Wednesday, March 14, 2007
The Story Hour
Well, obviously this book feature hasn't become an every-week thing, as I'd planned it to be! But I still want to keep working on it, and making it as regular as possible.
Today I'd like to share one of my favorite children's authors, Elizabeth Enright. Her books are more for older children, I would say probably in the age bracket of 9 to 14 years or so. Although, as with so many of my childhood favorites, I'll freely admit that I still enjoy reading these. :) I don't think I've read all of Enright's books, but I'll give a brief synopsis of two of my favorite series.
The Melendy Family series:
The first book in this series is The Saturdays.
In it, we meet the Melendy family, which consists of Father (a widower) and his four children: Mona, Rush, Randy (Miranda), and Oliver. The Melendys live in the city (NYC, I believe). The children decide to pool their allowance money every week, and every Saturday they will take turns doing something they've always wanted to do (something that only costs the amount of money that they have from the combined allowances). For example, one Saturday Mona goes and gets her hair cut and her nails manicured and painted (which her father isn't too happy about). Another time, Rush (the musical one) goes to a concert. On Oliver's Saturday, they all do something together, because Oliver is too young to go out in the city by himself. But the Saturday fun comes to an end when Oliver decides to go out by himself anyway, to the circus, and ends up getting lost on his way home. At the end of the book, the family takes a vacation trip to the ocean, where they stay in the lighthouse home of an elderly friend named Mrs. Oliphant (I think that's her name--I remember it was similar to "elephant" anyway!). I don't have a copy of this book handy to check the details, but it's an excellent book and very enjoyable.
Book two in the series, The Four-Story Mistake, continues the adventures of the Melendy family. Father decides it is time to get them out of their old house in the city, so they move to an old house in the country, which is known as the "Four-Story Mistake" to the locals. (If I remember right, it was supposed to have four stories, but only ended up with three, plus a cupola on top--thus the "mistake.") Anyway, this book tells about the first year or two in their new home, and all the new things they must get used to about living in the country.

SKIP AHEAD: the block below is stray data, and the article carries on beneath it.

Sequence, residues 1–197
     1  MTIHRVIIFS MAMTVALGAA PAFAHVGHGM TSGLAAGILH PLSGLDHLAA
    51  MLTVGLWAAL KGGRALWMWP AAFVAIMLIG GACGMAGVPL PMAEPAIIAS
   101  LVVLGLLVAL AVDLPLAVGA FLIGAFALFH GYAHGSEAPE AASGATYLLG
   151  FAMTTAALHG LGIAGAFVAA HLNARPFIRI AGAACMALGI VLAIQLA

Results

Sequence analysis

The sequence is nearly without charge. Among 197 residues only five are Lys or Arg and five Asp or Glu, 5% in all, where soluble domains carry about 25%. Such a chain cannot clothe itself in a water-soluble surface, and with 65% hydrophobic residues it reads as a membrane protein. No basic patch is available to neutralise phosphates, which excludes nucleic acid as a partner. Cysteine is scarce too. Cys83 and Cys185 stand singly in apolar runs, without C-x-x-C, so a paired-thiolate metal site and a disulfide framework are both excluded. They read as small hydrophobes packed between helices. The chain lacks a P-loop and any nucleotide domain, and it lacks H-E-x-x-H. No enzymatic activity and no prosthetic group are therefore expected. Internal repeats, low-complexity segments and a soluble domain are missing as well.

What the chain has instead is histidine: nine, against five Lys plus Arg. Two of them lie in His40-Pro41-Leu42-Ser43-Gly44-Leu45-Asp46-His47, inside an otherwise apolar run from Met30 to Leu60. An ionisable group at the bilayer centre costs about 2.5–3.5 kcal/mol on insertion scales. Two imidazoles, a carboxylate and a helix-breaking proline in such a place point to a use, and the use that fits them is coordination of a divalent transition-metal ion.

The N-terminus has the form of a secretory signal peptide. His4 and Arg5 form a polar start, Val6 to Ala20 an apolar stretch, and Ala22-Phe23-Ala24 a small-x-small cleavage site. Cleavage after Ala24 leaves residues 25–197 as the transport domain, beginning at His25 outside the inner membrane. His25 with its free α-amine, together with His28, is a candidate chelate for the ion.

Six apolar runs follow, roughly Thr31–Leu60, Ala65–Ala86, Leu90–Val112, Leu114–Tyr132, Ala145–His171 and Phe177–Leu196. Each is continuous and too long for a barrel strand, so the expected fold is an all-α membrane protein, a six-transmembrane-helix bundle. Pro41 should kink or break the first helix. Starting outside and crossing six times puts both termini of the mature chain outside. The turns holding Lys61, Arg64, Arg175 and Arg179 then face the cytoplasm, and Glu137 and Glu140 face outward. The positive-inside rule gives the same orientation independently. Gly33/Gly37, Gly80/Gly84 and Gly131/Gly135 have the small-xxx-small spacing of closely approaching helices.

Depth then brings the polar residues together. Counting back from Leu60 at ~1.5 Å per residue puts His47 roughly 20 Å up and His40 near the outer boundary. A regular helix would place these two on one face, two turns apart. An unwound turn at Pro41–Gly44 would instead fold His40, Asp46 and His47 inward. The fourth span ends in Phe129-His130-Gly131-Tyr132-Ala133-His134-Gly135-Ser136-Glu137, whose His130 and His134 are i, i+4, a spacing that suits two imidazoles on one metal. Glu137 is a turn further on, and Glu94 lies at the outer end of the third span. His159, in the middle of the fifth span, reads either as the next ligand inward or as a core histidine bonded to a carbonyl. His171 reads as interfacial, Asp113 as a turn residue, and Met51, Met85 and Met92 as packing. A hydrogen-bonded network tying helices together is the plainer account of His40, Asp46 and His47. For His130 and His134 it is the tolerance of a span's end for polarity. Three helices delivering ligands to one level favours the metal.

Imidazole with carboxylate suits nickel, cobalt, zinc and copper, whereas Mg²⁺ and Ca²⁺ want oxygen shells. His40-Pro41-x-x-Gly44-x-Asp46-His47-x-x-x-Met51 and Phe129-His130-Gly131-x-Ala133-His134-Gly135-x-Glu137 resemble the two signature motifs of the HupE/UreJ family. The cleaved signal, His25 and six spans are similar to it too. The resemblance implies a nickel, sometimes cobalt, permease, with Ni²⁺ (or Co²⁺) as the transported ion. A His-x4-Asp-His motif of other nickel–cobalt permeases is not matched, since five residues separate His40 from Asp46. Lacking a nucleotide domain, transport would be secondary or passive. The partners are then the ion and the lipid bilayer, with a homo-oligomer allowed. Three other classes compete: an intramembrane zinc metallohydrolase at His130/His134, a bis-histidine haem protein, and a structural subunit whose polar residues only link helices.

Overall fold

The third book is called Then There Were Five. A new member is added to the Melendy family--Mark, an orphaned boy who has had a hard life with an abusive uncle. I really can't remember a whole lot more about the plot of this book! I'll try to add some details later if I can--I think I have a copy of it down in storage.
The final book in the series is Spiderweb for Two. Randy and Oliver, the two youngest children, are extremely lonely when their three older siblings, Mona, Rush, and Mark, are away at boarding school. They begin receiving some interesting letters--riddles in the form of rhymes. Deciphering the clues leads them in turn to more riddles, and keeps them busy for the entire year!
Gone-Away Lake series:
There are two books in this series. The first is Gone-Away Lake. Portia Blake and her younger brother Foster leave their home in the city for a summer visit with their uncle, aunt, and cousin Julian, in the country. Portia and Julian (both around the age of 12 or 13) enjoy hanging out together but prefer to leave Foster behind when they go off exploring in the nearby woods. On one of their exploring trips, they happen upon a large marsh, with a group of delapidated summer homes at its edge. Much to their surprise, they discover two elderly people--a brother and sister--still live in two of the houses. The children get to know them, and are fascinated to learn that the marsh used to be a lake (50+ years before) and was a summer community for a number of wealthy families. "Uncle Pin" and "Aunt Minnehaha" as they come to be known to the children, spent many happy summers there in their youth, and returned years later to spend the last years of their lives there. To start with, Portia and Julian keep the marsh and their new friends a secret, but in the end, through an near-tragedy involving little Foster, Julian's family finds out about Gone-Away Lake and the lovely people who live there.
In the second book, Return to Gone-Away, Portia and Foster's parents have made a "crazy" decision to buy the grandest house that still stands near Gone-Away Lake. Known as the Villa Caprice, the house is still in fairly good condition, though in great need of some updating and repairs. This book chronicles the adventures of the Blakes and Jarmons (Julian's family) over the summer as they work on the house. At first, the Blakes plan to live in the Villa Caprice only in the summer, but by the end of the book they have changed their minds and decided to live there permanently, much to their children's delight! This is another wonderful story, which makes you wish there was a third book in the series.:)
To the best of my recollection, the Melendy series takes place in the 1940s or 1950s, and I think the Gone-Away series is set in the 50s, as well. Thankfully, all of these books are still in print, and you can find them here at Amazon!